University of Alabama in Huntsville honored for discovering one of physics’ ‘Holy Grails’
The University of Alabama in Huntsville (UAH) announced this week that it has been honored by The Institute of Electrical and Electronics Engineers with a Milestone Plaque for a 1987 physics discovery.
The discovery of superconductivity at 93 Kelvin occurred on January 29, 1987, and the dedication of the award recognizes “the impact of the world’s first material to superconduct above the technologically significant temperature of liquid nitrogen.”
UAH said in a release posted to its website, “The material that is the subject of the discovery was first conceived, synthesized, and tested in a UAH physics laboratory in Wilson Hall. It has been referred to by some science writers as one of physics’ ‘Holy Grails.’ The discovery prompted an American Physical Society meeting in March of 1987 to become known as ‘The Woodstock of Physics.'”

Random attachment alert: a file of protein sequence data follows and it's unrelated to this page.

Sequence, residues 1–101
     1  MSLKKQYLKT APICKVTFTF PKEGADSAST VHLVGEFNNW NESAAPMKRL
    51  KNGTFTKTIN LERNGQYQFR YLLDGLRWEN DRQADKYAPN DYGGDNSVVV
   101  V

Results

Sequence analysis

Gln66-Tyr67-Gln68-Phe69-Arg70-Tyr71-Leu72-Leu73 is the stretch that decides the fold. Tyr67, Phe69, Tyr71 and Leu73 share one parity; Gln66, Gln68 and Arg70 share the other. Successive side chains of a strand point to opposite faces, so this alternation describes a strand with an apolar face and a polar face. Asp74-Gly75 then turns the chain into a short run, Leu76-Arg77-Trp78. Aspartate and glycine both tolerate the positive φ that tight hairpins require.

The site added, “By crossing the 77 Kelvin barrier and making superconductivity possible at the temperature of the much more affordable and easily used coolant liquid nitrogen, the material discovered at UAH opened up a realm of more practical superconductivity applications.”
The site also noted that superconductors have been useful in powerful electromagnets, such as those used in MRI and NMR machines, maglev trains, and fusion reactor research; low-loss electrical power cables; fast fault current limiters; fast digital circuits; sensitive detection and measurement of magnetism, subatomic particles, and light, along with radio-frequency and microwave filters.
The UAH material has been used in high field magnets (holding the current record of 45.5 Tesla), electric power cables, fault current limiters, and radio-frequency filters.
A bronze plaque, which was presented on Monday, will be mounted outside the room that once served as the superconductivity laboratory at UAH.
The plaque reads as follows:
On this site, a material consisting of yttrium, barium, copper, and oxygen was first conceived, synthesized, tested, and — on 29 January 1987 — found to exhibit stable and reproducible superconductivity at 93 Kelvin. This marked the first time the phenomenon had been unambiguously achieved above 77 Kelvin, the boiling point of liquid nitrogen, thus enabling more practical and widespread use of superconductors.
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